NAMS Position Statement: The 2020 Genitourinary Syndrome of Menopause Position Statement of the North American Menopause Society

Menopause. 2020;27(9):976-992. 

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The diagnosis of GSM requires the presence of both characteristic examination findings and bothersome symptoms. The most commonly reported symptoms include irritation of the vulva, inadequate vaginal lubrication, burning, dysuria, dyspareunia, and vaginal discharge. Symptoms adversely affecting sexual function are often the most distressing.[12,46,47]

Signs of GSM include labial atrophy, vaginal dryness, introital stenosis, clitoral atrophy, and phimosis of the prepuce. Severe GSM can result in a vaginal surface that is friable and hypopigmented, with petechiae, ulcerations, and tears, as well as urethral findings such as caruncles, prolapse, or polyps. Bleeding may occur from minimal trauma, such as speculum insertion. Genitourinary atrophic changes increase the likelihood of trauma, pain, recurrent UTIs, bleeding with or after sex, and absence of sexual activity.[20,47]

The genitourinary syndrome of menopause most commonly develops in the setting of hypoestrogenism associated with natural menopause. Hypoestrogenic states also may occur in the setting of primary ovarian insufficiency (POI), surgical menopause (bilateral oophorectomy with or without hysterectomy), hypothalamic amenorrhea, the postpartum state and breastfeeding, use of gonadotropin-releasing hormone agonists or aromatase inhibitors (AIs), and cancer treatments such as surgery, pelvic radiation therapy, or chemotherapy that render ovaries inactive, either temporarily or permanently.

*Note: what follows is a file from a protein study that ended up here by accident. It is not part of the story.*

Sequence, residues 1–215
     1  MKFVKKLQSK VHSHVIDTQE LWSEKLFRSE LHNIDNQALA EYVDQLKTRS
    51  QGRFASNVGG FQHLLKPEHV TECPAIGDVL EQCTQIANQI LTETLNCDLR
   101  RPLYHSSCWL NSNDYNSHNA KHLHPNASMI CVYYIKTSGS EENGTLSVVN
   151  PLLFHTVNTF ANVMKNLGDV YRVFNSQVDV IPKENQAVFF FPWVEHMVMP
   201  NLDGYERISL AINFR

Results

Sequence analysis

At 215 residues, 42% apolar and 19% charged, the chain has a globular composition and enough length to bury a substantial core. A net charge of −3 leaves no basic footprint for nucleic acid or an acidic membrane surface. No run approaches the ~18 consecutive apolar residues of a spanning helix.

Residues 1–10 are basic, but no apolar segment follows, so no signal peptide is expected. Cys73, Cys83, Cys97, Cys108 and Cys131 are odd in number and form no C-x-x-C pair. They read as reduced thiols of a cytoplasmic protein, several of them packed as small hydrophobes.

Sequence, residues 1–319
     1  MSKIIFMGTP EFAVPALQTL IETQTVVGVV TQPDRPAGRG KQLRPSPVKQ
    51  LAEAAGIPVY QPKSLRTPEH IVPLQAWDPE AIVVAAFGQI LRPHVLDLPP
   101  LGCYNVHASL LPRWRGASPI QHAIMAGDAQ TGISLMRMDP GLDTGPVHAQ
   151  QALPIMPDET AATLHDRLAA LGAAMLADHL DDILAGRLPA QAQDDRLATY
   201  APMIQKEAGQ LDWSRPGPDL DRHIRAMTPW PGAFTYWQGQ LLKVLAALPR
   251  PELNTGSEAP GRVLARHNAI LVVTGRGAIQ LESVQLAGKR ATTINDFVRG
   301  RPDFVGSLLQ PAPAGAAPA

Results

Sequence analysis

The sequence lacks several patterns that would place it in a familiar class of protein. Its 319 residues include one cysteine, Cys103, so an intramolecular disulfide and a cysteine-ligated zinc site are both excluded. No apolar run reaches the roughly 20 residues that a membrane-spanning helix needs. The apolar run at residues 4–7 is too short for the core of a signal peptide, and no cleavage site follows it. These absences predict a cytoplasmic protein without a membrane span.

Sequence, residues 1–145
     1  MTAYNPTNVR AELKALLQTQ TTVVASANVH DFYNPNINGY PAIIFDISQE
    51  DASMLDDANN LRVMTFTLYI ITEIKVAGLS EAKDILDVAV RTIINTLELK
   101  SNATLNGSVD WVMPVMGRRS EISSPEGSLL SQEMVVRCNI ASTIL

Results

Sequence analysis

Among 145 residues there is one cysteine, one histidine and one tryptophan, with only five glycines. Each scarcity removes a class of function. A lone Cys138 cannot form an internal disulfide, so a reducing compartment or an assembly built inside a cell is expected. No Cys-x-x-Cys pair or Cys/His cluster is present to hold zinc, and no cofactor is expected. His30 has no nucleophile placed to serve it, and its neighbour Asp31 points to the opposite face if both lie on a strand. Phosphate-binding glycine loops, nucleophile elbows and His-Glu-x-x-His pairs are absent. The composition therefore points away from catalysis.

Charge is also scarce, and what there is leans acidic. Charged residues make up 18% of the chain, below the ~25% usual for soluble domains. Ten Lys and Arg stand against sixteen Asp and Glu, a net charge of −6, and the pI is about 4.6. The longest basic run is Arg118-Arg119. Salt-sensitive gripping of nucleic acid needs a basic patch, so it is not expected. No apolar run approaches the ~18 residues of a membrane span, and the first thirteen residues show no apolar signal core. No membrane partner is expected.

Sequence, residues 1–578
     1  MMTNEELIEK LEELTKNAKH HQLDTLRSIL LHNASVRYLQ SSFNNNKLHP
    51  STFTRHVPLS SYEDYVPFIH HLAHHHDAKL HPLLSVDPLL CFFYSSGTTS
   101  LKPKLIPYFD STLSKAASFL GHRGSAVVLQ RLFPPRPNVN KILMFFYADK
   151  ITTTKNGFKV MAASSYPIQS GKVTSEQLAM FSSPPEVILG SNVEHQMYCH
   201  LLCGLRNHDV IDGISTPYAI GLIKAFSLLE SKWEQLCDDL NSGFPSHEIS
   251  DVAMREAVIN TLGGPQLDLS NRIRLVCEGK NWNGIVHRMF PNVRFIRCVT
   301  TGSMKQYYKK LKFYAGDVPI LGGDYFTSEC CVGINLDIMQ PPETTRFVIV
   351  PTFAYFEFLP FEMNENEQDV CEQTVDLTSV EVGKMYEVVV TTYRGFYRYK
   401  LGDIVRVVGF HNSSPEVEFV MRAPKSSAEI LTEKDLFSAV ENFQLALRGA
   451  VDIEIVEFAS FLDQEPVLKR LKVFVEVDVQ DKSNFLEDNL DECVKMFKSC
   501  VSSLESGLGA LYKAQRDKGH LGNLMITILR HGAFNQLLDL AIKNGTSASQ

Several studies suggest that early estrogen deficiency caused by premature menopause or POI is associated with more severe sexual dysfunction compared with age-matched controls.[48,49] Younger women with vaginal atrophy and dyspareunia may be especially distressed by changes in sexual function.

Women with surgical menopause often present with a more severe GSM symptom profile than do women with natural menopause, likely because of the concomitant, abrupt, and persistent 50% decline in circulating androgen levels that occurs in addition to the loss of estradiol.[50,51] Genitourinary syndrome of menopause that develops in the setting of chemotherapy-induced menopause has been associated in some studies with greater sexual dysfunction and distress[52–54] and with poorer QOL outcomes.[55–58] Younger women with GSM related to induced menopause from cancer treatment may be especially distressed by changes in sexual function.[52,55] The stress, fatigue, and mood changes that accompany a cancer diagnosis and its treatment also contribute to sexual problems.

Aromatase inhibitors reduce breast cancer recurrence by blocking conversion of androgens to estrogens and inducing a profound estrogen-deficiency state. The magnitude and duration of estrogen deficiency induced by AIs result in the development of severe GSM in most survivors, particularly given that extended duration therapy is now typical.[59–61] Compared with tamoxifen, AIs result in a greater incidence of vaginal dryness and dyspareunia, causing a large percentage of AI users to express dissatisfaction with their sex lives.[60,62–64]